The technology obviously creates superior ROI that heretofore was not reasonably possible on a mass scale of customers, the technology is obviously moving up-scale as larger and larger deals are struct and at faster and faster rates, the whose who of anyone in that particular industry is trying to offer their own version of HCI, and the facts show, disputably, that Nutanix and VMWare are not only leading the market, but growing their lead in the market.

Now you can either invest after everyone who is going to use the technology adopts it (and thus when growth stops - but there is no risk that HCI is really, really, really for real, or not).

The technicality of how a kernel works is of no value to the investment thesis.

But have away at it.

What I want to know is (1) is it in hyper growth? Yes, (2) is the market important and very large (yes), is the company the market leader (yes, or at worse a duopoly), (3) does the company have sustainable competitive advantages (yes), is there something disruptive that is not just hypothetical but actually doing something we can materially track in the marketplace (no), (5) does the market cap already consume the opportunity here (no.).

Anyone have anything to argue with any of those points?



It’s like an IT department for your IT department.

Remember the old Maytag commercials where the Maytag guy sat around day after day with basically nothing to do because the Maytag stuff always worked and never broke? No one ever called him for a service call.

The software that Nutanix provides (sort of) turns your IT guys into Maytag guys.


“The technicality of how a kernel works is of no value to the investment thesis.”

Perhaps you missed it but the person who I was replying to brought up kernels, not me.

Anyway, you know what hyper-converged infrastructure is? There’s an old joke:

“What’s the white stuff in bird poop”

“That’s bird poop, too”

Hyper-converged Infrastructure is Infrastructure. It is not a new category of spending. It is a new-ish category of management software that is consuming a portion of the TAM of existing infrastructure spending. The true competition is pure cloud workloads, which is competing for the same TAM.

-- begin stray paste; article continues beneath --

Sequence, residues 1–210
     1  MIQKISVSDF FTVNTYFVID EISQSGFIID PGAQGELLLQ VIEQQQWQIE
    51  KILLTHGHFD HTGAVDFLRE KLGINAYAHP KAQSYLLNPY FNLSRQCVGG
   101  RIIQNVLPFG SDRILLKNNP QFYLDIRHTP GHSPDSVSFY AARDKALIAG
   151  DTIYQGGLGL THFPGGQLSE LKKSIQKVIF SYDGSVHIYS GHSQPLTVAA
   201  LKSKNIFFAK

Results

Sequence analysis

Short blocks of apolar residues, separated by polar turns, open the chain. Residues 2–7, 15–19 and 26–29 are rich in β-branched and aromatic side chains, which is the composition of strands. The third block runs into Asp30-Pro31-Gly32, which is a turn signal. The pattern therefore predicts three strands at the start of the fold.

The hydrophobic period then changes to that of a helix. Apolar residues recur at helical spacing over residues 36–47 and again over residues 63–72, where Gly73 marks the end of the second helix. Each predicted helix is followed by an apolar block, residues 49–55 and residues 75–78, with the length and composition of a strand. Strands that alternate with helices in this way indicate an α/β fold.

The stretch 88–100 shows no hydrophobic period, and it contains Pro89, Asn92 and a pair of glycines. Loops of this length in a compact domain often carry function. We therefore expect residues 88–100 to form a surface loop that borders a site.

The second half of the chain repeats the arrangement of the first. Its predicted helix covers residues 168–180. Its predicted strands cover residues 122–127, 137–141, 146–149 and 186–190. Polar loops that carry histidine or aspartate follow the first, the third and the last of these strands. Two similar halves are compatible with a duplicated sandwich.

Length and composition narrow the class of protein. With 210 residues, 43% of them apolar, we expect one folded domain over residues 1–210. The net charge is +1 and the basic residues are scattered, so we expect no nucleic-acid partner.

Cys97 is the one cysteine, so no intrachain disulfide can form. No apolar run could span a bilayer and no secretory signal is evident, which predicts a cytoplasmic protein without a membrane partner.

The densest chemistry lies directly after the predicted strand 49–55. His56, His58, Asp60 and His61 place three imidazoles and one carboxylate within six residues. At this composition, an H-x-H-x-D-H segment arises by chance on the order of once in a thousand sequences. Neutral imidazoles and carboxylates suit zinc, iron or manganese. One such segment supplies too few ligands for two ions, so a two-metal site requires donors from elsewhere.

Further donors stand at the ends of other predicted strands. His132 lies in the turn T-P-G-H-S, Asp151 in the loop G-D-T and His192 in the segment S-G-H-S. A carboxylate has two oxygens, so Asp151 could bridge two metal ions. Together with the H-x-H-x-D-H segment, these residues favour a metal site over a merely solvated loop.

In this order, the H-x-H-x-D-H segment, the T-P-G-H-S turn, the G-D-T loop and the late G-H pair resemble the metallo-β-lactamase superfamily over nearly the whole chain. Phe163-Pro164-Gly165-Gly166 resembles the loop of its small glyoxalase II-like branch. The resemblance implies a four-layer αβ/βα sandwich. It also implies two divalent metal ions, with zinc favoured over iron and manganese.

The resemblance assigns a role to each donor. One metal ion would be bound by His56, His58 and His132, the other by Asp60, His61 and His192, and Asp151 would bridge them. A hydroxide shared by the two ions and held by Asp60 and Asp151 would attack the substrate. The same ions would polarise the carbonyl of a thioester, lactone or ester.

Hyper growth is hyper until it’s not, as we recently saw with NVDA. Adoption follows an s-curve, and that curve is getting more and more compressed. Understanding the upper bound is important to understand the runway for hyper growth and the NPV of a given investment.


Net Retention Rate Would not be an appropriate metric for Nutanix. Maybe as they grow the SaaS they can provide that for those.

Because Nutanix Core sales which makes up the majority of sales, is somebody ordering a whole bunch of Nodes and cutting Nutanix a check for the software billed on a per node basis. Or from somebody adding more nodes to an existing system and scaling out. Or now that terms are transitioning to subscription the ratability period cycling. Or from an existing customer renewing a subscription contract or replacing a node stack.

Customer Retention rate is greater than 90%. Can’t be greater than 100%.

If you want to know more about how they count revenue I did a dive into the 10-q and posted this a few weeks ago last time it came up.



Darth’s link said:

Portable Software($127M +104% yoy)
-Software entitlement and support subscriptions, Cloud based SaaS offerings, and separately purchased software term-based licenses. The first two represent $83M (+62% yoy)and are recognized ratably over the contract period. The latter ($44M up from $11.3M in year prior) is recognized at the time the software is transferred to customer. The weighted trailing 4 quarter average is 3.6 years.

If we’re dealing with 127m/quarter in recurring revenue, that’s a ~500m run rate, and NTNX’s mkt cap to recurring revenue ratio is ~15.

Not trying to be trite here but it’s worth looking at. Especially since the Non-portable Software was only up 16% YoY.



Over 100 recommendations says it all
Thank you for the write-up. I finally get it

Like many, I got a lot out of Brandon’s write-up and therefore gained confidence to restart my NTNX position earlier this week. Many props to Brandon re: that piece of work by him.